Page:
I see what you're saying about the live aspect, and I agree, we hurt ourselves by being inside all the time (this coming from a guy that has always been an outside team except for sleeping in the camper, but this weekend is rolling out his new porch trailer and will be locked away now more than I ever have). However, a big fold or successful bluff that is shown in poker is exciting because it's a mano a mano situation. BBQ doesn't have that. Won't have that, outside of the game show TV shows. I just don't think that a big, stressful situation like that with then the payoff of a shown fold/bluff can happen in BBQ.

I think if you look around at a lot of competitions you'll see many teams flying banners, wearing shirts/hats, etc of sponsors and non sponsors (look at all the SRF hats you see around). More could probably be done for that though.

At the end of the day, it's a TV issue. If you have a pitmasters, BamaQ, BBQ Life style show that is funded well enough to get off the ground for a couple seasons, I think it could do well and start generating some interest again.

Or, we contract for another year or two, and level out to the new normal. Also, much like poker did.
If you use the WSOP Main Event as a measuring stick - they were back over 8,000 entrants this year, the 2nd highest ever. And last 3 years were all over 7,000 entrants. True ESPN TV repeats are not as frequent, not sure what other measuring stick to use to see if poker is waning in popularity or just holding its own. Moneymaker was 2003, so its been 16 years of at least growth at their premier WSOP events.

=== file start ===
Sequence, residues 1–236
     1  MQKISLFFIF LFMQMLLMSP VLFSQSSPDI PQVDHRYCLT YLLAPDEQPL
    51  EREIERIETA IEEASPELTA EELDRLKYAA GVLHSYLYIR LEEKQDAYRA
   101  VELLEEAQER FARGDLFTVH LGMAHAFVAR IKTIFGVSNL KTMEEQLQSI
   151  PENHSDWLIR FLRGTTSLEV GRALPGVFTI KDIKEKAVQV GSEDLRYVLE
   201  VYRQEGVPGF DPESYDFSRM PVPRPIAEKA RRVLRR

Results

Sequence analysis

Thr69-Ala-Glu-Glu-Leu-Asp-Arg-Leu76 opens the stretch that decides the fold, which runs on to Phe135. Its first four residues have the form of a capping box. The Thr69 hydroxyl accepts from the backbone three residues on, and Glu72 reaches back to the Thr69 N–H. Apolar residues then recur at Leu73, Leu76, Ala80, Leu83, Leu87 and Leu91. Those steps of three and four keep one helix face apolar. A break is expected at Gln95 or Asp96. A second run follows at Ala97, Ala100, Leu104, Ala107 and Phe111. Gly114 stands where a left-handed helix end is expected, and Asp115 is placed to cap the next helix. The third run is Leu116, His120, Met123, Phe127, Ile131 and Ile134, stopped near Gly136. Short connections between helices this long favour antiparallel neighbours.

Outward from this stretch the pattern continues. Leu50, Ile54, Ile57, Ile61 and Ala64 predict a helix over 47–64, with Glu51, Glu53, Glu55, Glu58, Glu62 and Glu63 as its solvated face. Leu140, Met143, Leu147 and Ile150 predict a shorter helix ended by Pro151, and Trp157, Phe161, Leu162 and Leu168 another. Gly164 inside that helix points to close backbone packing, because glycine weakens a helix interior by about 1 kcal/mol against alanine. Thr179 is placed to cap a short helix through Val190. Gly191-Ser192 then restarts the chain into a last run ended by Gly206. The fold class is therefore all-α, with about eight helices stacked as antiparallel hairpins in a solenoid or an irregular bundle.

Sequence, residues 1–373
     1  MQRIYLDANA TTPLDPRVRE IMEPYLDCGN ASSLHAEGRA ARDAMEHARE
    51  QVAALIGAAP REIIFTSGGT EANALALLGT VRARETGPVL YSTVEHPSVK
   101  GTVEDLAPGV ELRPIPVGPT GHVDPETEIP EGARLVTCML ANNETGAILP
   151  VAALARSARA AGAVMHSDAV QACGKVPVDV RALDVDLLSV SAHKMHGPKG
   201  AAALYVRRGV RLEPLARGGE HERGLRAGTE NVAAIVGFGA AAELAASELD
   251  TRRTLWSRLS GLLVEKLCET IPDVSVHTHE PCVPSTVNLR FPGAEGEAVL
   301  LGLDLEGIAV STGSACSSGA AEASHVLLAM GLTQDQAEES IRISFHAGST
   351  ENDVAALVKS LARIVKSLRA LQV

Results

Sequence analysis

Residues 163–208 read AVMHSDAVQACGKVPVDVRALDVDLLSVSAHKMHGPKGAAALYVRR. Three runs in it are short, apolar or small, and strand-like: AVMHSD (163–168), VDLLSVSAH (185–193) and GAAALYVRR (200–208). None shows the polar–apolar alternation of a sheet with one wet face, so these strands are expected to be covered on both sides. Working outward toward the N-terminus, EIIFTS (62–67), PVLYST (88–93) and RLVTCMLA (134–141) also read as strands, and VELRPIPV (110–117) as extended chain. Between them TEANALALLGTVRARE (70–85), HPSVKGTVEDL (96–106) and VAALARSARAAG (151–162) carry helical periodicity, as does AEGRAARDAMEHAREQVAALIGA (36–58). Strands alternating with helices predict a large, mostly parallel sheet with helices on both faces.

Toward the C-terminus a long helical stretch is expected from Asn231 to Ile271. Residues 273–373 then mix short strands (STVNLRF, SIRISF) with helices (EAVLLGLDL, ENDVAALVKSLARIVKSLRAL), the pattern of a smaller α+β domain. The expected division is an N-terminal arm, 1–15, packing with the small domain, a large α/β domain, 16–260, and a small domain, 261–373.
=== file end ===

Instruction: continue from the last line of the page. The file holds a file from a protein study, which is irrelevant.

467 teams were in the American Royal Open in 2018. 407 teams in 2017. 557 teams in 2016. 600+ teams in 2015. Little rebound in 2018, curious to see how 2019 shapes up.

BBQ may not have that mano v mano of a big bluff or fold, but it has competition with team vs team. And like poker, if you have the money you can compete openly against the best. There is a draw to that for those with competitive fire in their bellies.

Like you, I was a fringe poker player, go to a casino 1-2x a year and play some cards and I rarely played online so Black Friday was a non event for me.

I just liken BBQ to Poker due their "sport" status but also "open" status where you pay to play and can compete against the big guns if you put your money where your mouth is and sign up. Poker found a way with increasing its presence on TV and they get loads of sponsors and the game gives you the feeling that the average joe has his fair chance against the best in an open format.

I do not make TV shows or live events for a living, but they need some ideas to engage people, either in person or on TV. without either, #s will decrease.